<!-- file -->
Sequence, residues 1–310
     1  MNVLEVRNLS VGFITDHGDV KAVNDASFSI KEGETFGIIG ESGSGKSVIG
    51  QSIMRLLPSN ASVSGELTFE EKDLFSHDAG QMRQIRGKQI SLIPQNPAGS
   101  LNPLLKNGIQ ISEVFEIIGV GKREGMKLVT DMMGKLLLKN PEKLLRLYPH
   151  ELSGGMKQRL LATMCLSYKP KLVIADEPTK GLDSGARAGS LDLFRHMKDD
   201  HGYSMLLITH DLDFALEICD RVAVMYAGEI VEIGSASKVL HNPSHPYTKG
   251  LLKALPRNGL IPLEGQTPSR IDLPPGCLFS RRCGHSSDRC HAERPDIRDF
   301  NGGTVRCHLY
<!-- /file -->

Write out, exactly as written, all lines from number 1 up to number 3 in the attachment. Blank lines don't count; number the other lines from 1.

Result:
Sequence, residues 1–310
     1  MNVLEVRNLS VGFITDHGDV KAVNDASFSI KEGETFGIIG ESGSGKSVIG
    51  QSIMRLLPSN ASVSGELTFE EKDLFSHDAG QMRQIRGKQI SLIPQNPAGS